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NEW YORK TIMES BESTSELLER • In this mesmerizing novel, Ethan Canin, the author of America America and The Palace Thief, explores the nature of genius, rivalry, ambition, and love among multiple generations of a gifted family. Milo Andret is born with an unusual mind. A lonely child growing up in the woods of northern Michigan in the 1950s, he gives little thought to his own talent. But with his acceptance at U.C. Berkeley he realizes the extent, and the risks, of his singular gifts. California in the seventies is a seduction, opening Milo’s eyes to the allure of both ambition and indulgence. The research he begins there will make him a legend; the woman he meets there—and the rival he meets alongside her—will haunt him for the rest of his life. For Milo’s brilliance is entwined with a dark need that soon grows to threaten his work, his family, even his existence. Spanning seven decades as it moves from California to Princeton to the Midwest to New York, A Doubter’s Almanac tells the story of a family as it explores the way ambition lives alongside destructiveness, obsession alongside torment, love alongside grief. It is a story of how the flame of genius both lights and scorches every generation it touches. Graced by stunning prose and brilliant storytelling, A Doubter’s Almanac is a surprising, suspenseful, and deeply moving novel, a major work by a writer who has been hailed as “the most mature and accomplished novelist of his generation.” Praise for A Doubter’s Almanac “551 pages of bliss . . . devastating and wonderful . . . dazzling . . . You come away from the book wanting to reevaluate your choices and your relationships. It’s a rare book that can do that, and it’s a rare joy to discover such a book.”—Esquire “[Canin] is at the top of his form, fluent, immersive, confident. You might not know where he’s taking you, but the characters are so vivid, Hans’s voice rendered so precisely, that it’s impossible not to trust in the story. . . . The delicate networks of emotion and connection that make up a family are illuminated, as if by magic, via his prose.”—Slate “Alternately explosive and deeply interior.”—New York (“Eight Books You Need to Read”) “A blazingly intelligent novel.”—Los Angeles Times “[A] beautifully written novel.”—The New York Times Book Review (Editors’ Choice) “A book that raises the bar for novelists.”—Literary Hub “No knowledge of proofs or theorems is required to enjoy Ethan Canin’s excellent eighth novel. He alternately treats math like elegant poetry or infuses it with crackling energy.”—The Christian Science Monitor “Math made beautiful . . . Canin writes with such luxuriant beauty and tender sympathy that even victims of Algebra II will follow his calculations of the heart with rapt comprehension.”—The Washington Post “A masterful writer at his transcendent best.”—BBC “Elegant and devastating . . . A Doubter’s Almanac is exquisitely crafted. Canin takes us readers deep into the strange world of his troubled characters without ever making us aware of the effort involved. . . . An odd and completely captivating novel.”—NPR’s Fresh Air “Dazzlingly ambitious . . . one part intellectual thriller, one part domestic saga.”—The Huffington Post From the Hardcover edition.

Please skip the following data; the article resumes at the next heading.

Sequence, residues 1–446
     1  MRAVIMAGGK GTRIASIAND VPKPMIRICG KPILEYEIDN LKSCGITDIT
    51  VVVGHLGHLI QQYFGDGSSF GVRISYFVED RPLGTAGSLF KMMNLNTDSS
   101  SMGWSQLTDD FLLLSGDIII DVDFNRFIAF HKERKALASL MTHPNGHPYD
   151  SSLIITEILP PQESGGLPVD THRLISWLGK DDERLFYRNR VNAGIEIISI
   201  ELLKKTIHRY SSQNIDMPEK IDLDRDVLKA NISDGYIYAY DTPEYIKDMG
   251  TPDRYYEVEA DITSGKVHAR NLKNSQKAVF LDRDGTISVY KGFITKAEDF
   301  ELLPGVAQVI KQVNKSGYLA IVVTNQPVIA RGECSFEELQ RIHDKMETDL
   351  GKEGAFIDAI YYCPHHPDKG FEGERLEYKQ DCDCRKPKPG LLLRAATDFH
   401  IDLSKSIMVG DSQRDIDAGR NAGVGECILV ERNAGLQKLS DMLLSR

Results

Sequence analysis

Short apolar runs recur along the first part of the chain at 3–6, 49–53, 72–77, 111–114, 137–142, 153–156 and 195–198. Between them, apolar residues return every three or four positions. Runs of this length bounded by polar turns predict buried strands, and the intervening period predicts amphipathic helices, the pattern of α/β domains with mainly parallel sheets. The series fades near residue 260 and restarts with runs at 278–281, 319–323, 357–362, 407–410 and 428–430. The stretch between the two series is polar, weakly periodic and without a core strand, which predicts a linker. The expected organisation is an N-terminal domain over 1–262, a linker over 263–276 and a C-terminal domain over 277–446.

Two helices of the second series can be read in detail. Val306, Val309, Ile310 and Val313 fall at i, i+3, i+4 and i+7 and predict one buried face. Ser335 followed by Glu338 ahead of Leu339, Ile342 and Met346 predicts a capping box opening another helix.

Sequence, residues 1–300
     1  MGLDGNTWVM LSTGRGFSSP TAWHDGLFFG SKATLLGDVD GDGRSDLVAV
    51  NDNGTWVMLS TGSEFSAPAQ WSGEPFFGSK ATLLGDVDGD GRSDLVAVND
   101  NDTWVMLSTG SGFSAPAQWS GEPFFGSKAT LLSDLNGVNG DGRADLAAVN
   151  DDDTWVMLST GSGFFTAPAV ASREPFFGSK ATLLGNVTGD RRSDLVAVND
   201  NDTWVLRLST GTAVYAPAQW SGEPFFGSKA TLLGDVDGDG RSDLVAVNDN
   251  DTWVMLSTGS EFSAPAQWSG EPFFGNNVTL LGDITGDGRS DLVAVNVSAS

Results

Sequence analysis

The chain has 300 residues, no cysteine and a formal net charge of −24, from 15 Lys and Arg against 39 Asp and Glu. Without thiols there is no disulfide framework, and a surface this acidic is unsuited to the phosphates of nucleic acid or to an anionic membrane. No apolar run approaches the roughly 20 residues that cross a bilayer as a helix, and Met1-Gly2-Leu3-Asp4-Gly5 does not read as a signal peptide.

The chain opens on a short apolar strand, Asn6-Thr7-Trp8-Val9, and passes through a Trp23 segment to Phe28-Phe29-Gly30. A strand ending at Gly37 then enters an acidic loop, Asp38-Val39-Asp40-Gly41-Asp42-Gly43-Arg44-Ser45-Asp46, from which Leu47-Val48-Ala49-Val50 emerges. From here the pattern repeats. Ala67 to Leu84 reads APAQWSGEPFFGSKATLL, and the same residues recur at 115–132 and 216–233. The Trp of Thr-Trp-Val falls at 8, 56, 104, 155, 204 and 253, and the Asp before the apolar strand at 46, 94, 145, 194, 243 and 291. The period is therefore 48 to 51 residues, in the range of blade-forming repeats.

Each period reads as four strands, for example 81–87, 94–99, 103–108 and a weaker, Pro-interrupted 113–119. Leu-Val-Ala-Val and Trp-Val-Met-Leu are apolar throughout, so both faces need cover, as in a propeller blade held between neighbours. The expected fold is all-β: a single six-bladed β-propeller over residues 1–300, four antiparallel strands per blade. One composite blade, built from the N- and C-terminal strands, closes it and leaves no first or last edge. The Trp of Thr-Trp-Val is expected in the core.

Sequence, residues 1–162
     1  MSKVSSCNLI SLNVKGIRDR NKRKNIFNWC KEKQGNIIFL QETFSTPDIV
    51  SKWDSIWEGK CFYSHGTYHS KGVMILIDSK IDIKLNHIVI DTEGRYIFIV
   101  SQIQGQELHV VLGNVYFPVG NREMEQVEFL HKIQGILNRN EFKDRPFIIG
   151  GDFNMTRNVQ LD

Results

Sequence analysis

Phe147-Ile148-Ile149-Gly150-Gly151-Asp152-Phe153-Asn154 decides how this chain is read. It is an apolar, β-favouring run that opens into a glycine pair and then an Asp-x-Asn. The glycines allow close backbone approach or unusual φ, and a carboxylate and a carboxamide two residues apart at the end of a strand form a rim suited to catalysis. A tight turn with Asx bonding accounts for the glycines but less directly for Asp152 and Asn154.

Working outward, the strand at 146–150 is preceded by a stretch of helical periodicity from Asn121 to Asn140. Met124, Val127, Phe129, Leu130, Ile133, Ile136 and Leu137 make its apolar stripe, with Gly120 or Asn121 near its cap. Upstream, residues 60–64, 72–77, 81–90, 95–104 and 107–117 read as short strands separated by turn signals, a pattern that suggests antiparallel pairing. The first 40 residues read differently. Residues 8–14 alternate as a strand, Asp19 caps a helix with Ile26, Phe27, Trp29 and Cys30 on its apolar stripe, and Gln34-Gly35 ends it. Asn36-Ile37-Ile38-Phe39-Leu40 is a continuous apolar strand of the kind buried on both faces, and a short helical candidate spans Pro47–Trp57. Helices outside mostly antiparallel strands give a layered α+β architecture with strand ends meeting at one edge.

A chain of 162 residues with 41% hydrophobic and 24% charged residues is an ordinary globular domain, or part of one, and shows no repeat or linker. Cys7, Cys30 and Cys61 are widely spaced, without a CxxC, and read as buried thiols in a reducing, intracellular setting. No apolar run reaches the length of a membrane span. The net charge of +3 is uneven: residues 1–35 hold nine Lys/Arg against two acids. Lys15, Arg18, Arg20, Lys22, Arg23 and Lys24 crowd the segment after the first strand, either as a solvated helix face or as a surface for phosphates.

The flame of genius scorches every generation it touches. Following a lonely upbringing in the woods of northern Michigan, Milo Andret enrols as a graduate student at U.C. Berkeley, where the faculty is the first to recognize that the young man's childhood solitude has created a prodigiously unusual mind. Yet with Milo's great gifts come great risks, and California in the seventies is rife with temptation. The research he begins at Berkeley will make him a legend; the woman, and the rival he meets, will haunt him forever. For it soon becomes clear that Milo's brilliance is linked to a dark need that ultimately threatens to destroy not only his work and his marriage, but the lives of all his children, as well. A Doubter's Almanac is at once a captivatingly virtuoso illustration of the powers of the mind and a deeply moving exploration of the nature of love, ambition and genius. It is a novel of flawed characters and unreachable dreams, of bonds that tie and passions that destroy; a major work of dazzling and seductive beauty from one of our foremost writers.